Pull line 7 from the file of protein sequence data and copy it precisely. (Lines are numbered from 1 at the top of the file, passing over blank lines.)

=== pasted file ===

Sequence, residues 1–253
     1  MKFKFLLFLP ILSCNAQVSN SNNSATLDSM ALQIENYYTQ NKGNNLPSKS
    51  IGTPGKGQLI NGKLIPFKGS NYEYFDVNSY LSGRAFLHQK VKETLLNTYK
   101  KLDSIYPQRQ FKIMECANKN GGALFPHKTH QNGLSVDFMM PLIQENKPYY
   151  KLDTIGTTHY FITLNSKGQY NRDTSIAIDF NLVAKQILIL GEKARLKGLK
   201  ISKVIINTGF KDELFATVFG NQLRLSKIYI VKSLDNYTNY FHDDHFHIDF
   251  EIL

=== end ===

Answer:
   251  EIL